Why Your Story Matters and Why You Should Share It

Everyone’s story matters, and yours is no different.

Tom Andriola February 08, 2016
article image

Everyone’s story matters, and yours is no different. Some stories are happy, others are sad, and yet others can be simply amazing or truly tragic. As humans, we have been blessed with a unique ability to communicate, but as we have evolved as a species, we have come to rely on it. Sharing our experiences, good and bad, helps us to process them. When the experiences were negative, sharing them helps us to heal.

That’s not to say that you should tell everyone everything about your life and simply be an open book. But find an outlet. Ask someone you most trust if they will take some time to listen to your story. If there’s something significant you haven’t ever shared before in your life, you might be surprised how good it feels to get it off your chest.

Not everything is always easy, but when I was in denial about my own set of adverse childhood experiences, it almost never was. Sharing my story has helped me to heal in a significant way.

When you are the one on the listening end, don’t pass judgment. Just be there to listen, to empathize. If it’s something that has been bottled up for a long time, it’s going to be scary for the person telling it. I know it was for me when I first told my wife that I was sexually abused by an older brother when I was growing up. I couldn’t believe I actually said it out loud. I thought I was going to die.

But time passed, and I was eventually able to tell someone else. After time and a good amount of therapy, I feel like a lot of healing has taken place for me. I now feel strong and empowered, and I share my story regularly through my writing and speaking. Why? Because I know where I was, and how scary it was for me. And if I can help others know that they can share their own stories and be okay, and gain strength and heal, I feel like I need to do that.

On the receiving end, it makes me feel good when someone shares their story with me—something they’ve never told anyone else. It doesn’t happen all the time, but it does happen. They have either heard me speak, or they’ve read my stories, and they feel like it’s safe. And I honor that. I listen and I empathize, and I am careful not to react or judge. Above all, it’s their story, and I know it’s not okay to share it with anyone else. That’s a critical element of sharing such personal information.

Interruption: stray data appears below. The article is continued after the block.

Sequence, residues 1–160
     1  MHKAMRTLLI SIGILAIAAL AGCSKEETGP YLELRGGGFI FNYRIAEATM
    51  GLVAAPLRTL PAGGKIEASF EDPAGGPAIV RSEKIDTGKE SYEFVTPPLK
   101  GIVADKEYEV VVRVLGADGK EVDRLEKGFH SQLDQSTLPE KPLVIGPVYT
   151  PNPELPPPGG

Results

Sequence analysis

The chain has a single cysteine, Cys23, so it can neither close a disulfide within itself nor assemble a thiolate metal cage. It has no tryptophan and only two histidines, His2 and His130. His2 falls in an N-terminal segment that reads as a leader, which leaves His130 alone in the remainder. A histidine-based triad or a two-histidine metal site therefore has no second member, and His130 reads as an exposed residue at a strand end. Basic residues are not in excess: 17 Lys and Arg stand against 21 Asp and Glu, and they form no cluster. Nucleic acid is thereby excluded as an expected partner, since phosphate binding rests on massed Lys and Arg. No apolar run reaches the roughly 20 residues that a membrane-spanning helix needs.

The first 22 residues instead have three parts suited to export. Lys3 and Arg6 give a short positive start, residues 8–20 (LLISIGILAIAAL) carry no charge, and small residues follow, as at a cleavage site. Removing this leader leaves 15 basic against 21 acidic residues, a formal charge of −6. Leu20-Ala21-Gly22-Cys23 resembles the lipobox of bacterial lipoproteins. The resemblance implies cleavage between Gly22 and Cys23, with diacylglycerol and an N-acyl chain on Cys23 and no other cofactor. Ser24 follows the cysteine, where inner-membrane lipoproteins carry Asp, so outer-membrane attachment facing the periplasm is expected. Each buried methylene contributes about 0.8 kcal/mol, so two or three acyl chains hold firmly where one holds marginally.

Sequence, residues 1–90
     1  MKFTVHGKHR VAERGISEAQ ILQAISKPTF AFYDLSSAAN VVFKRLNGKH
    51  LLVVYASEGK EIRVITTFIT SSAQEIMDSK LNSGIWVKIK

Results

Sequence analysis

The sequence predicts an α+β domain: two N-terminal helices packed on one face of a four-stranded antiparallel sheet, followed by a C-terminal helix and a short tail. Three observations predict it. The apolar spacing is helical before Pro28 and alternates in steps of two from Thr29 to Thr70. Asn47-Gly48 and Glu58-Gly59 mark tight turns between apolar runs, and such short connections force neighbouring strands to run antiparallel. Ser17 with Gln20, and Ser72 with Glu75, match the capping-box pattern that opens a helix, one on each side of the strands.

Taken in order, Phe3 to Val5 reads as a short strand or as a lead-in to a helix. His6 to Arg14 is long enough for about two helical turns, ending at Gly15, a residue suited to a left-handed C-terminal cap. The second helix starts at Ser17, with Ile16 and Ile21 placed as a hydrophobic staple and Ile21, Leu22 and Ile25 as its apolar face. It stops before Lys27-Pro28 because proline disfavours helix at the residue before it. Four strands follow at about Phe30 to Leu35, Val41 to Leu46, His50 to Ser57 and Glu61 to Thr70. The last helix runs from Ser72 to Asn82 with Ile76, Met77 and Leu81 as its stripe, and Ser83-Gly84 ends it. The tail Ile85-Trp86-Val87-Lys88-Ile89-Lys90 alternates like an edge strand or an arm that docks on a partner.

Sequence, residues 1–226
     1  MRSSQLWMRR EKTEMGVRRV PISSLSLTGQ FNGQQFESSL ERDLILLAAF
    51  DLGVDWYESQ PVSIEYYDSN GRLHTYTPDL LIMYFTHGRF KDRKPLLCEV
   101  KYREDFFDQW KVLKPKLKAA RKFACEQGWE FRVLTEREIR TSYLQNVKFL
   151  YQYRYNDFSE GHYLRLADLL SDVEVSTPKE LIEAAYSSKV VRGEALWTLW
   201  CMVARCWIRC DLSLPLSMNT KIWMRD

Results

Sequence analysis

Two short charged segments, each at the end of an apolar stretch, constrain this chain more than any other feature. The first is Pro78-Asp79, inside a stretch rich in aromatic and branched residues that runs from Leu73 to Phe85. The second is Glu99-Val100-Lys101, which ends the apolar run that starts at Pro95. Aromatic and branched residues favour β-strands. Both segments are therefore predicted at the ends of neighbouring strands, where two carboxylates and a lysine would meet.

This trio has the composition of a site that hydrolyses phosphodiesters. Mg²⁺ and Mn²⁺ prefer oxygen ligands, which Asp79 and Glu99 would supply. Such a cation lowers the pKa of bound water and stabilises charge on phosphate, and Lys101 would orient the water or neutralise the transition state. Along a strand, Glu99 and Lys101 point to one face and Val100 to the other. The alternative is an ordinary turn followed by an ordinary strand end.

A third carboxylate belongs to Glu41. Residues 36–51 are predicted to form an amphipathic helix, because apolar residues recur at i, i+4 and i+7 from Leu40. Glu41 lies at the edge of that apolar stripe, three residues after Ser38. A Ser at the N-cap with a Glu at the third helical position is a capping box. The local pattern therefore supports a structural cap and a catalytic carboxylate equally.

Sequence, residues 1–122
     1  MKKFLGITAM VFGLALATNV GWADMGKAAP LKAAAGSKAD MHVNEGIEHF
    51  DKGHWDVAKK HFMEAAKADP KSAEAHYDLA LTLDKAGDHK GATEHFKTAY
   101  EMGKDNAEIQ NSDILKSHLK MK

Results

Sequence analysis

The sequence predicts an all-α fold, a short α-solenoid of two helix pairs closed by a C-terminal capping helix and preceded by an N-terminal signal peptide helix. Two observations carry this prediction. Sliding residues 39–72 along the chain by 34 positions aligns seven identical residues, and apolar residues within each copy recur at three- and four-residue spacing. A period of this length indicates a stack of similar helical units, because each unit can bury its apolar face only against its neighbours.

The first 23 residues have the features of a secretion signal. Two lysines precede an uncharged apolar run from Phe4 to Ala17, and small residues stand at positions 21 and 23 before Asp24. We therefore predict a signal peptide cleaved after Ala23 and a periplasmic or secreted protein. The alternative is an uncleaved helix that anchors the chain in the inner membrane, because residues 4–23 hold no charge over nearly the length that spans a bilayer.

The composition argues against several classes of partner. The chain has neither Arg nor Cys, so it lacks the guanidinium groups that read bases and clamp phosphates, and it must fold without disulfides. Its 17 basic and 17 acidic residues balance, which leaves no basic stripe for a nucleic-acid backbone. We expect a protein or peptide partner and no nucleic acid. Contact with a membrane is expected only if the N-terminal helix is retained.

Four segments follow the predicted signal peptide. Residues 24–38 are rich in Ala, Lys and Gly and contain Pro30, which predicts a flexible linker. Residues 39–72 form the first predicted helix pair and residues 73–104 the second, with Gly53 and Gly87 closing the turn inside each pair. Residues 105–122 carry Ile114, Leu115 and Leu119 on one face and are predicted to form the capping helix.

When I look back at my life, I sometimes can’t believe how far I’ve come. Not everything is always easy, but when I was in denial about my own set of adverse childhood experiences, it almost never was. Sharing my story has helped me to heal in a significant way. I’m not sure where I would be if I chose to keep it all bottled up. But I wouldn’t be where I am, that I can guarantee. I encourage you to take that first small step, whatever it may be.

Share your story.

If you are interested in writing the first chapter of your search and reunion story, click here to connect with an Adoption Detective.

author image

Tom Andriola

Tom Andriola advocates for adoptee rights and shares his personal experiences about being adopted and his successful, independent search for both biological parents. To see more of his writing, visit Tom's Facebook page.


Need help from a search & reunion professional?

Love this? Want more?

Claim Your FREE Adoption Summit Ticket!


The #1 adoption website is hosting the largest, FREE virtual adoption summit. Come listen to 50+ adoption experts share their knowledge and insights.

Members of the adoption community are invited to watch the virtual summit for FREE on September 23-27, 2019, or for a small fee, you can purchase an All-Access Pass to get access to the summit videos for 12 months along with a variety of other benefits.

Get Your Free Ticket


Host: ws1.elevati.net